‘Take Me Somewhere Nice’ follows Alma to Bosnia to find her ill father
- Written by Diane Carson
For everyone who experienced one of those days or weeks when nothing goes right, “Take Me Somewhere Nice” will strike a familiar chord. The story begins with Alma, in her Netherlands home, as she learns that her estranged father is in the hospital in Bosnia, his homeland. She flies there, expecting her cousin Emir’s assistance to find him.
The search foregrounds the tension embedded in the triangular relationship of Alma, Emir, and his friend Denis who travels with them. A road movie unfolds through a series of unfortunate events. In her debut film, Amsterdam based writer/director Ena Sendijarevic has a strong command of mood and actors, with Sara Luna Zoric an unselfconscious teenager in this, her first role. Convincing even in several telephone conversations with her mother that present only her side of the exchanges, Zoric conveys a relaxed and yet also lost quality.
In a director’s statement, Sendijarevic writes of the difficulty of harmonizing the contradictions of the two worlds Alma inhabits emotionally and physically. It succeeds due to the deep understanding of, as the director says, her own status as a former refugee in what she calls “ultimately a story about migrants.” Alma’s loneliness motivates her actions and reactions as Sendijarevic toys with “stereotypical portrayals of migrants, womanhood, [and] the Balkans,” denying or inverting expectations.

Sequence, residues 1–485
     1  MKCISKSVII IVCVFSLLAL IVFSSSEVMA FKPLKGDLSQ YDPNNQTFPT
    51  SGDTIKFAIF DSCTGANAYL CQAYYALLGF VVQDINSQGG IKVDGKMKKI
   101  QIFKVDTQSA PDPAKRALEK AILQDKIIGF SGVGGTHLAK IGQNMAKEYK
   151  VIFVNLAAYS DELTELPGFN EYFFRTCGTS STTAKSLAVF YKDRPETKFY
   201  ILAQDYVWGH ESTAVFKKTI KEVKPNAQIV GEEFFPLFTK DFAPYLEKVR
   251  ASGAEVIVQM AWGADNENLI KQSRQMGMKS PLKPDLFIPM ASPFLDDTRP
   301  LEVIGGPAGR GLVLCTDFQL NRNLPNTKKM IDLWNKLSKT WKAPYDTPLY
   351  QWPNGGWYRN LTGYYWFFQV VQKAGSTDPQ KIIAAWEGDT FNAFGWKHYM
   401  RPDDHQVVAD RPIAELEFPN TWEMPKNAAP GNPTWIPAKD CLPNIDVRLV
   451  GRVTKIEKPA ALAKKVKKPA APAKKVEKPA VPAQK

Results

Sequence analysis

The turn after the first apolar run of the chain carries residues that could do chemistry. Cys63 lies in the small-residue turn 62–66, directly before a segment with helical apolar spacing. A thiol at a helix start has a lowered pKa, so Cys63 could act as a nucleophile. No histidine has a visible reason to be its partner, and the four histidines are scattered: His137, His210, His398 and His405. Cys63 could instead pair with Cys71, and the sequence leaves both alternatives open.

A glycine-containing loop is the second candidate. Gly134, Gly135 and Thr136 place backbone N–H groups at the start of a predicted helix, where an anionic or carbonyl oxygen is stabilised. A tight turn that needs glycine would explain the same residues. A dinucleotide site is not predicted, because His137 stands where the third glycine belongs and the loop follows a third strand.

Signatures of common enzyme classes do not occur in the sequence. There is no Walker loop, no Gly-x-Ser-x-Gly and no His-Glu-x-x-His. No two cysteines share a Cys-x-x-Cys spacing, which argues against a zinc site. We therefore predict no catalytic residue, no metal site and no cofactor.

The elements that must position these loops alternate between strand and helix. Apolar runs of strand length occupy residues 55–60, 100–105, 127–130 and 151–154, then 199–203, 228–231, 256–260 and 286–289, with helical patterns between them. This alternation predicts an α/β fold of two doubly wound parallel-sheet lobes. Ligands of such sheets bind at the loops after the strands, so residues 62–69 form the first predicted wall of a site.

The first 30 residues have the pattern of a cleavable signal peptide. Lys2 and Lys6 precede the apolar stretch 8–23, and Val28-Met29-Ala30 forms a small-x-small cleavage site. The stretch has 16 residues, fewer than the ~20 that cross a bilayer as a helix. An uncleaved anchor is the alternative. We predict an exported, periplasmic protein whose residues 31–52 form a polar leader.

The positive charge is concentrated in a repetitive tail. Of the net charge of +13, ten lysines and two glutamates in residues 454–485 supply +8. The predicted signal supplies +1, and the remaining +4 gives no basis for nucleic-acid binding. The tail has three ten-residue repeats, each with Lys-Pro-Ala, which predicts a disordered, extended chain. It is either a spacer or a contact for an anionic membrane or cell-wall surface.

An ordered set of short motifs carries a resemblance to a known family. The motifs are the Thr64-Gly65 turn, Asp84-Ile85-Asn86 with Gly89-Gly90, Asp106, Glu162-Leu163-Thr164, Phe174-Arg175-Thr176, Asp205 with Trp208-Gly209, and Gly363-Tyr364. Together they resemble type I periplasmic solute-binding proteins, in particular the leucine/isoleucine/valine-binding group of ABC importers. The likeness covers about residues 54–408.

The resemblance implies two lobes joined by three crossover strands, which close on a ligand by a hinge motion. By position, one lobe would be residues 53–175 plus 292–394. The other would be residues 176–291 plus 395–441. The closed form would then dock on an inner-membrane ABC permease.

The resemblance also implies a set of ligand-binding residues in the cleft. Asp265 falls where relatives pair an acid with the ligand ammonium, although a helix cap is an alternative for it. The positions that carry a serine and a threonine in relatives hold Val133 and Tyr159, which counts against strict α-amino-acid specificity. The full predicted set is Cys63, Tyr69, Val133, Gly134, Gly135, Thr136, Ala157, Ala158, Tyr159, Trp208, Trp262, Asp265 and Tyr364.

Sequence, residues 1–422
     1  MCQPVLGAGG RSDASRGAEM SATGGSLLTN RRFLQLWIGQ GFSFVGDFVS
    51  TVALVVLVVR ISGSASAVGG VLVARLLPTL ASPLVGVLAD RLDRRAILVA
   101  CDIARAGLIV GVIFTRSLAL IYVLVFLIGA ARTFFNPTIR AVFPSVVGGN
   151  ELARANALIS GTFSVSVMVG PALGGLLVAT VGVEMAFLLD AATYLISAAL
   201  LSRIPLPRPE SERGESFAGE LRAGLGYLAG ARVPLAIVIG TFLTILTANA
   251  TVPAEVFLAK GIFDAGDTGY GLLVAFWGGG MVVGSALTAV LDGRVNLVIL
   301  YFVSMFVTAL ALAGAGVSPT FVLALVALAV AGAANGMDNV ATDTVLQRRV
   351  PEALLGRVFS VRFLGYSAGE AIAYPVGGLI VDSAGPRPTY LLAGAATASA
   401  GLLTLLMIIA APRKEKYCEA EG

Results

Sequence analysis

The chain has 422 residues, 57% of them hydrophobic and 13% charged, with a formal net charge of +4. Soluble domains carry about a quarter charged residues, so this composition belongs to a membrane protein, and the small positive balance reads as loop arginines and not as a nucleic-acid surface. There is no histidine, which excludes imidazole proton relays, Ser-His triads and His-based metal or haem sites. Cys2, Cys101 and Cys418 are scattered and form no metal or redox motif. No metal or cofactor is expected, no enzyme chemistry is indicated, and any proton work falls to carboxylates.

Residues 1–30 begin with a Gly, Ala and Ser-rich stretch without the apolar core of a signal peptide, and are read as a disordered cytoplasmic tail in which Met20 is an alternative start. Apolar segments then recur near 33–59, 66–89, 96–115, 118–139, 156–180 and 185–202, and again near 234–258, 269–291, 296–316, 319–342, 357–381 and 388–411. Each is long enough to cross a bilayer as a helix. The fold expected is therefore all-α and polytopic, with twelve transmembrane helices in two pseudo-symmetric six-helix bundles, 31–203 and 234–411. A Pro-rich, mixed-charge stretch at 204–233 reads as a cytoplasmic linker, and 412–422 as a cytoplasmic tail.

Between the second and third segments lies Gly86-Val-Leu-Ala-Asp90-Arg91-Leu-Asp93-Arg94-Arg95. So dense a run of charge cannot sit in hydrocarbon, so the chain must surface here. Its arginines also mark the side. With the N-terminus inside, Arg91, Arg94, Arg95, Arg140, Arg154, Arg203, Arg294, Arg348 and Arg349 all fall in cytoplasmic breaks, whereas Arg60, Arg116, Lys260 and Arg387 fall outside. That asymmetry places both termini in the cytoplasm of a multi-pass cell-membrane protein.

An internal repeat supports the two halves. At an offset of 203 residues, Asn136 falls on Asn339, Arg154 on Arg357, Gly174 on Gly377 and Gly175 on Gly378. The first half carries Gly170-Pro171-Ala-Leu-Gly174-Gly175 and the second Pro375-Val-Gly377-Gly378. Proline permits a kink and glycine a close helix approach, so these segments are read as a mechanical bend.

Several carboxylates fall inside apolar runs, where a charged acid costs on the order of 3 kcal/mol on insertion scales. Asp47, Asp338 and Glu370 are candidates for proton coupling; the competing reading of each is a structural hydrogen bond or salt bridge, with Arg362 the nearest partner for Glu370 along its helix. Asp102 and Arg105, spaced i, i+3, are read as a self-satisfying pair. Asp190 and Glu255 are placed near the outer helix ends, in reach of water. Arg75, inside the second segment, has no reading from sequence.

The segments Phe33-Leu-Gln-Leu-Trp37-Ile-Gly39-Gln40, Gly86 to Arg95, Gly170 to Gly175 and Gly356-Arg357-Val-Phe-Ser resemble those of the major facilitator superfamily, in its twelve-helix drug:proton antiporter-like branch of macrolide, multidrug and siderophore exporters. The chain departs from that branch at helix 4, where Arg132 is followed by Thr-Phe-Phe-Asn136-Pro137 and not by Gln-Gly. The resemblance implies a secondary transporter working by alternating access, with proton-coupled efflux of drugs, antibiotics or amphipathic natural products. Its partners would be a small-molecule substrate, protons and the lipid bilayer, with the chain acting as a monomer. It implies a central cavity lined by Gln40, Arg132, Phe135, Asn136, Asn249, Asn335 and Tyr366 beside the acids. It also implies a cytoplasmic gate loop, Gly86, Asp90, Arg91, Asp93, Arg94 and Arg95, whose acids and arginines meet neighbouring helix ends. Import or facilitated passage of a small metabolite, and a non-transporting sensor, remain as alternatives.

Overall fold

Translating her desire to “create an alienating world” into images, Sendijarevic relies on compositions with emptiness often dominating the top quarter to half of the frame. This and the mirror images in the opening shots convey the film’s themes of the divided self and the absence of focus, interest, or insight. The film does fail on several counts in addition to the listless mood. First, though Alma explores her newfound sexuality, the camera unnecessarily fetishizes her body throughout the film, putting her in a low-cut, short dress in early scenes and later in an extremely short t-shirt. It also includes an unpleasant, unnecessary scene with a dog hit by a car.
It does offer time to contemplate its philosophical weight in this fairly quiet, character-driven story, one that offhandedly makes political statements as well. In Bosnian and Dutch with English subtitles, “Take Me Somewhere Nice” is available through a direct link on the Webster University Film Series website.